Our hometown of Sisters celebrated the reading life this month. The inaugural Sisters Festival of Books October 18–20 was a success on every level. Craig Rullman and I were honored to be asked to participate in the kickoff event, which featured a dozen local authors.
There are few things more worthy of celebration than books and the strange and wonderful people who create them. In that spirit, Craig and I are fixing to launch a new series of Running Iron Report podcasts titled The Stories That Shaped Us. (It’ll be a special feature interspersed among our regular podcasts — stay tuned).
Writing a book is a damnably difficult business, and far more books are started than are finished. Inspiration can give you a good start, but only discipline can carry you through to completion. And that’s to say nothing about all the work involved in getting a book out into the hands of readers, whether you are traditionally published or are doing the work yourself.
It’s a giant pain and best to be avoided, if you can. Thing is, most writers just… can’t. They HAVE to write. David Joy, who was featured at the Sisters festival, described the overwhelming compulsion to get a story down on paper and out into the world:
“It feels almost terminal, like if I don’t get the words out then it’ll be the end of me.”
Well, I, for one, am grateful that these intrepid souls are so driven, for they have given me gifts beyond price.
Books made me. Reading the propulsive pulp stories of Robert E. Howard and the gritty yet romantic frontier novels of Will Henry made me say, “I want to do THAT!” and set me on the path to making my living with the pen. My brother’s gift of Allan W. Eckert’s historical novel The Frontiersmen introduced me to the Kentucky woods-ranger Simon Kenton, and the Shawnee resistance leader Tecumseh. From that seed grew a lifetime of frontier studies — and my own book.
Non-readers often think that we readers aren’t actually doing anything when we’re reading — but they are oh so wrong. We’re living a thousand lives, right there on the couch. My wife, Marilyn, once had to shout at me to get my attention while I was reading Tim Willocks’ brilliant novel The Religion, which depicts the 1565 Great Siege of Malta by the Turkish army of Suleiman the Magnificent. She laughed at me as I tore myself from the page and stared at her blankly, like I’d just woken up from a deep slumber.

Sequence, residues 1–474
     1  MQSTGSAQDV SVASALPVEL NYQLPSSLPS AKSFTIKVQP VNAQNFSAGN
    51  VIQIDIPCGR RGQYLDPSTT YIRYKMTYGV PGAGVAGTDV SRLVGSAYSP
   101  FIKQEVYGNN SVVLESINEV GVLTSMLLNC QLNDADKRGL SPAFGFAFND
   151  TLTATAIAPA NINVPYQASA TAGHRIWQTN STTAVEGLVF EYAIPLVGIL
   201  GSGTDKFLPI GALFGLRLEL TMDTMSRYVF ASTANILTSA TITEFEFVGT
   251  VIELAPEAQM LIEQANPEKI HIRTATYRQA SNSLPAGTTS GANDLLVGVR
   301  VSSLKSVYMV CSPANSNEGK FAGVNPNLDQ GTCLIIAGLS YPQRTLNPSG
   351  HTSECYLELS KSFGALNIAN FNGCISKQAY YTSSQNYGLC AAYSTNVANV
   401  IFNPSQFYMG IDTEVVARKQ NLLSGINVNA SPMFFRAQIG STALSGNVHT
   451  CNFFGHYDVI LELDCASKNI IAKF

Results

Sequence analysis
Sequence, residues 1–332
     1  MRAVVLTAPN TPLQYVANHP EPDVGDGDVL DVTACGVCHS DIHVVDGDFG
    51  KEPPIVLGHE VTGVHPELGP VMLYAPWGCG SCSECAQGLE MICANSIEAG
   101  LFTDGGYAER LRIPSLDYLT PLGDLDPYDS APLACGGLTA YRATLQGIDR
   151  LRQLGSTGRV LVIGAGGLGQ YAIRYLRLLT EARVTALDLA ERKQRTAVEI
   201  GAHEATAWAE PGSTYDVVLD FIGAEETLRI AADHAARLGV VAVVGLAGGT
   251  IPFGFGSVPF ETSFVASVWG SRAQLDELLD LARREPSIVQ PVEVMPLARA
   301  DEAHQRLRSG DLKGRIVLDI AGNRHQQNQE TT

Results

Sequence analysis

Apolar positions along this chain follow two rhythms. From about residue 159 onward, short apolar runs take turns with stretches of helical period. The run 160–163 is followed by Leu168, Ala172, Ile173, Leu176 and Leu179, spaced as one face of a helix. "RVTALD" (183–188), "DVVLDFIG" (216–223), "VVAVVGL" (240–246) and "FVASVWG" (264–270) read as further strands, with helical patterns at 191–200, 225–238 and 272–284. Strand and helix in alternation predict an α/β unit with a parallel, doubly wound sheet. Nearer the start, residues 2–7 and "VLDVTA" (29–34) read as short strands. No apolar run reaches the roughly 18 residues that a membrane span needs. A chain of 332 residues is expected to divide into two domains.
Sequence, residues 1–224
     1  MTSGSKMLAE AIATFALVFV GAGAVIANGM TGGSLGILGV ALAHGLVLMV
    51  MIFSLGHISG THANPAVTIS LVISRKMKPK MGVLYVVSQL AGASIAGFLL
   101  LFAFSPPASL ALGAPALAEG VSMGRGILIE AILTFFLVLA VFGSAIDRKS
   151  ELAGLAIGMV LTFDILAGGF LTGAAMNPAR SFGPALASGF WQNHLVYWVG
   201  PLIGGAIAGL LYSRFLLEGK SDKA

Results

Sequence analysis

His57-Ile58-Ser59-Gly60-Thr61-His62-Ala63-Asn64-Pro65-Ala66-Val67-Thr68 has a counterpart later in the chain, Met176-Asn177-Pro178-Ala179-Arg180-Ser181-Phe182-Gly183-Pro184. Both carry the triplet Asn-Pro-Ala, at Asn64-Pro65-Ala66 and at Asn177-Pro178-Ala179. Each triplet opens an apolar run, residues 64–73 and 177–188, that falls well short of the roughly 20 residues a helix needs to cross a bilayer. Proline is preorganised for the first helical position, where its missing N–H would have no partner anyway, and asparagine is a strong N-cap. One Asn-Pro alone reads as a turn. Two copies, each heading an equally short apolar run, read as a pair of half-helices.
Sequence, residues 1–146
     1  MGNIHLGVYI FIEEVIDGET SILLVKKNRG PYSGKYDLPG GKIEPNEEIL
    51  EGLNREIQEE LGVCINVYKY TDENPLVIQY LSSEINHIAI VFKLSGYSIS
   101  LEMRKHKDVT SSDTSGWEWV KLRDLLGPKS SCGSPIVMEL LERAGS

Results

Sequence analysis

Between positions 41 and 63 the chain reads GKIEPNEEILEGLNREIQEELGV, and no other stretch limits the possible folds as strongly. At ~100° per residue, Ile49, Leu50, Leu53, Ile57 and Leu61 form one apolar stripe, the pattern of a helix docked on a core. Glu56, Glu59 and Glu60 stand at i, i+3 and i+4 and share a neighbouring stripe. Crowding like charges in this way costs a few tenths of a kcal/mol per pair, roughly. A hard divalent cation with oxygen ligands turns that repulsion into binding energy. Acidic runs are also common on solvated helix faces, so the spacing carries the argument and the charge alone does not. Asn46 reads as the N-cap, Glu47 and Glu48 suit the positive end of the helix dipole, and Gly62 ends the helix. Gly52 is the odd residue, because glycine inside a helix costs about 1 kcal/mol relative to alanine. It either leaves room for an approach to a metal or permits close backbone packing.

All I could tell her was that it takes some time to get back from 1565 to the 21st century. A good book does that to you. It carries you away, and returns you home changed, like Bilbo Baggins returning to The Shire from the Lonely Mountain.
That immersiveness can be intimidating. In a recent palaver, I was forced to acknowledge that I haven’t yet read Ruth Beebe Hill’s Lakota novel Hanta Yo — despite Craig’s fervent recommendation — at least in part because I have this sneaking suspicion that’s it’s going to upend my world. To reference Mr. Baggins one more time:
“It’s a dangerous business, Frodo, going out your door. You step onto the road, and if you don’t keep your feet, there’s no knowing where you might be swept off to.”
Nevertheless, I should plunge in, and plunge in now, because it will pair so well with Pekka Hämäläinen’s Lakota America.
As you’ve no doubt deduced, my tastes run heavily to blood-and-thunder — and that’s true of both my fiction and non-fiction reading. My poor, dear mother early on gave up trying to elevate my barbaric tastes — and defended them when I got in trouble in sixth grade for bringing Hunter S. Thompson’s Hell’s Angels to free reading day.
Not that anybody’s tastes need defending, but that blood-and-thunder section boasts some extraordinary writers. When you combine 100-proof storytelling with writing chops honed to a razor’s edge, you’ve got something that makes the blood sing, something as timeless and soul-stirring as Beowulf. Willocks has it; so do James Carlos Blake and Cormac McCarthy. And so does David Joy, who tore himself away from his beloved forests, streams, and mountains to carry the coals of Story to us here in Sisters.
The “studio” where we record the RIR podcast is actually Craig’s office and library. It is a wonderful place. There is a strange sense of comfort to be found where book shelves run from floor to ceiling and more books are stacked on tables and cover every available space.
This winter we’ll gather in that electronic Great Hall to hail the spinners of tales, the creators of worlds. We’ll try not to break the mead benches.